Mechanisms and energetics of free radical initiated disulfide bond cleavage in model peptides and insulin by mass spectrometry
We investigate the mechanism of disulfide bond cleavage in gaseous peptide and protein ions initiated by a covalently-attached regiospecific acetyl radical using mass spectrometry (MS). Highly selective S–S bond cleavages with some minor C–S bond cleavages are observed by a single step of collisional activation. We show that even multiple disulfide bonds in intact bovine insulin are fragmented in the MS2 stage, releasing the A- and B-chains with a high yield, which has been challenging to achieve by other ion activation methods. Yet, regardless of the previous reaction mechanism studies, it has remained unclear why (1) disulfide bond cleavage is preferred to peptide backbone fragmentation, and why (2) the S–S bond that requires the higher activation energy conjectured in previously suggested mechanisms is more prone to be cleaved than the C–S bond by hydrogen-deficient radicals. To probe the mechanism of these processes, model peptides possessing deuterated β-carbon(s) at the disulfide bond are employed. It is suggested that the favored pathway of S–S bond cleavage is triggered by direct acetyl radical attack at sulfur with concomitant cleavage of the S–S bond (S_H2). The activation energy for this process is substantially lower by ~9–10 kcal mol^(−1) than those of peptide backbone cleavage processes determined by density functional quantum chemical calculations. Minor reaction pathways are initiated by hydrogen abstraction from the α-carbon or the β-carbon of a disulfide, followed by β-cleavages yielding C–S or S–S bond scissions. The current mechanistic findings should be generally applicable to other radical-driven disulfide bond cleavages with different radical species such as the benzyl and methyl pyridyl radicals.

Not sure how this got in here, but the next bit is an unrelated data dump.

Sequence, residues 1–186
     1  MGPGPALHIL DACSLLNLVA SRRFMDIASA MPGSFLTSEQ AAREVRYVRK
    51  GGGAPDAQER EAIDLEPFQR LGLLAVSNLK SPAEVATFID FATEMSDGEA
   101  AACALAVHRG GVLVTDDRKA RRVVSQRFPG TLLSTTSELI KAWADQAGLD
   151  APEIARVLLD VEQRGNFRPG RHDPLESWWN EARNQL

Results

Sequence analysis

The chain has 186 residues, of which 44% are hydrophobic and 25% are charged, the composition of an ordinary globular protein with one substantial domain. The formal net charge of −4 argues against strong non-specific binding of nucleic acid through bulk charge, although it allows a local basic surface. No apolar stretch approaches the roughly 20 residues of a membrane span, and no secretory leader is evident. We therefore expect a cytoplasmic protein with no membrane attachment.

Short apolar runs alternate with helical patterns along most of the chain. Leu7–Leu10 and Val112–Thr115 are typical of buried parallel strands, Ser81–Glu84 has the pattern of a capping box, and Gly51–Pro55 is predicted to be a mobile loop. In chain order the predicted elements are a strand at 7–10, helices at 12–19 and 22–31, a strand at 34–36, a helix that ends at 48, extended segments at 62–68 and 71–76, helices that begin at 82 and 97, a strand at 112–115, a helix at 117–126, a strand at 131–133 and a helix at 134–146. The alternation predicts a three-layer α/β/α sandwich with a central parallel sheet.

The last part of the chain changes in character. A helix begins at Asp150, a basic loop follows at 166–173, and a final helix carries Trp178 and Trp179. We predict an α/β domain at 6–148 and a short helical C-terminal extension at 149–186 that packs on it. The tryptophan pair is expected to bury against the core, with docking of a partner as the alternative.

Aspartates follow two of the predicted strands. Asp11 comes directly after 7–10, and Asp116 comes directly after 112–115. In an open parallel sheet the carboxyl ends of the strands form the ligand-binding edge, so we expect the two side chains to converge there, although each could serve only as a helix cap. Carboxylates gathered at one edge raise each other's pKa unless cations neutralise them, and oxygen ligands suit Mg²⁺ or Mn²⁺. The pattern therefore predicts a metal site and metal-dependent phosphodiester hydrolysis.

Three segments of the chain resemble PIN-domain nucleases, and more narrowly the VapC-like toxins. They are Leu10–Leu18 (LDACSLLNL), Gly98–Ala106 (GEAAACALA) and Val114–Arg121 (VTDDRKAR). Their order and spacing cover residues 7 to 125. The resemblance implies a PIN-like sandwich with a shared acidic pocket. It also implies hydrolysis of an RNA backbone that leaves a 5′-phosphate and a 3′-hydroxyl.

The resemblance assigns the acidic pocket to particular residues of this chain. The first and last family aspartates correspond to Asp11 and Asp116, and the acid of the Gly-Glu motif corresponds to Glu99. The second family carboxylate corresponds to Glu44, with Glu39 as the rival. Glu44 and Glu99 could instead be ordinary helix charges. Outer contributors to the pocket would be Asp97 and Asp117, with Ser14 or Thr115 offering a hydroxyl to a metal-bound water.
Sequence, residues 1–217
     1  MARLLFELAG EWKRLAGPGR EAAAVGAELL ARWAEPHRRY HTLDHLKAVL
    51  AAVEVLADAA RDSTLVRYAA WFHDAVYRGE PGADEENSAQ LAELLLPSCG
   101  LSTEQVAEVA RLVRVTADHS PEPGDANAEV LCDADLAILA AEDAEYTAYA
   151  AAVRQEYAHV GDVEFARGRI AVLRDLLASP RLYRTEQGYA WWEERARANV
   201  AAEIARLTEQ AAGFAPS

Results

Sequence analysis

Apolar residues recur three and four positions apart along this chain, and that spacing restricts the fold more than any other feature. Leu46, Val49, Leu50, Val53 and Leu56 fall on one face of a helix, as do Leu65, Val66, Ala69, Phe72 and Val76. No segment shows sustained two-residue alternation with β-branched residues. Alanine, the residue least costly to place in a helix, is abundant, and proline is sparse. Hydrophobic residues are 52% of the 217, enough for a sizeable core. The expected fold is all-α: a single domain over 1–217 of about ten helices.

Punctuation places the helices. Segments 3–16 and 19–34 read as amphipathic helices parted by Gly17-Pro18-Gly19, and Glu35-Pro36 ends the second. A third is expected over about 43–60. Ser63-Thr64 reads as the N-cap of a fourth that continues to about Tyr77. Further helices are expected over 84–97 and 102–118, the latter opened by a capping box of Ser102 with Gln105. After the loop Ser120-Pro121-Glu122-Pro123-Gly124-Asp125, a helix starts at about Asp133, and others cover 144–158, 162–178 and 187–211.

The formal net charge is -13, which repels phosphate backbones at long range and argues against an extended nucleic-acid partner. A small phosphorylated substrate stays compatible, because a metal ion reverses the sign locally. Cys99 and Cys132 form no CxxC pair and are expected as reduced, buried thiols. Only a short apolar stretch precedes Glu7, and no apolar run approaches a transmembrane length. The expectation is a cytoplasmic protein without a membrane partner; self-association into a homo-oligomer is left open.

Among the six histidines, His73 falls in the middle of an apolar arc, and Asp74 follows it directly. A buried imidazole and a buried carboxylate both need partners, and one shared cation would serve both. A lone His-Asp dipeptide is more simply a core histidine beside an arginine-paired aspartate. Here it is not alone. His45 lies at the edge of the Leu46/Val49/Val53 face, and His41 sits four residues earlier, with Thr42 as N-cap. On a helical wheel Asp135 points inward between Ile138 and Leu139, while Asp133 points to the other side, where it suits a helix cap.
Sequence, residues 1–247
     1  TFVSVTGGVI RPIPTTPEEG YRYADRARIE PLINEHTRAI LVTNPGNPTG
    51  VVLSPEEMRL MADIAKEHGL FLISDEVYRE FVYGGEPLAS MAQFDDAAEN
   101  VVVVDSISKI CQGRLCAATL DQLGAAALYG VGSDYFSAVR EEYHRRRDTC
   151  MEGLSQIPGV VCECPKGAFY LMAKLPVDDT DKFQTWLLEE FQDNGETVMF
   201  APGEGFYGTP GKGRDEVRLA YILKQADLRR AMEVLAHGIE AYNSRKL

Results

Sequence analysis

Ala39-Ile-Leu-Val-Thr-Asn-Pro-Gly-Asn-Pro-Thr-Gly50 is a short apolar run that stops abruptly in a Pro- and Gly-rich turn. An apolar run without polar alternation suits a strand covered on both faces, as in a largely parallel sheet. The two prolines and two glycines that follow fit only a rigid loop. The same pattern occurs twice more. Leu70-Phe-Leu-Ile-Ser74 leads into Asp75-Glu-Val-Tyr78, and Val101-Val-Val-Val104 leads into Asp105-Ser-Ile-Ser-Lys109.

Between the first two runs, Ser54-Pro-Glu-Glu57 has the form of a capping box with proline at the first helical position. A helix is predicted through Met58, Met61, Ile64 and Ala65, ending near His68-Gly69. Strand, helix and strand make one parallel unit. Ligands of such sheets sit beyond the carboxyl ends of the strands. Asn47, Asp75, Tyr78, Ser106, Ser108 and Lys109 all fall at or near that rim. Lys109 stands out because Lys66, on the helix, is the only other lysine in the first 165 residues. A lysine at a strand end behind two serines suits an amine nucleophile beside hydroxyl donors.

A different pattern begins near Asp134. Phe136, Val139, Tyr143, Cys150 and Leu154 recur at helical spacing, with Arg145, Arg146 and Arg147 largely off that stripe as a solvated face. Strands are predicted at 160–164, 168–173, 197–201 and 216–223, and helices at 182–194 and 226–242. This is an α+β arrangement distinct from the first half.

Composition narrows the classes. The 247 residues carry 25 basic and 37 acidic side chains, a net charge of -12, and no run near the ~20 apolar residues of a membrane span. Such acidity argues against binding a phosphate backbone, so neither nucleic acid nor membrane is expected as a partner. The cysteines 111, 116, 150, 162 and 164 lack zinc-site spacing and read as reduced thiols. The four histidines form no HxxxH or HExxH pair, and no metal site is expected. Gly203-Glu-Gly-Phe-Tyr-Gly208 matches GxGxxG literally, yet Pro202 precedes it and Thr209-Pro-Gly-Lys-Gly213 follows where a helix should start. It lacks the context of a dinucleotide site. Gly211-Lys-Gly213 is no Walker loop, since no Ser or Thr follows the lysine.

© 2015 The Royal Society of Chemistry. This article is licensed under a Creative Commons Attribution 3.0 Unported Licence. Received 10 Apr 2015, Accepted 20 May 2015. First published online 20 May 2015. This work was supported by the National Science Foundation through grant CHE-0416381 and the Resource Center for Mass Spectrometry in the Beckman Institute at the California Institute of Technology. C.H.S. acknowledges a fellowship from the Kwanjeong Educational Foundation. Electron capture dissociation was performed using the LTQ-FT in the Beckman Institute Proteome Exploration Laboratory. Computational resources were kindly provided by the Materials and Process Simulation Center at the California Institute of Technology.
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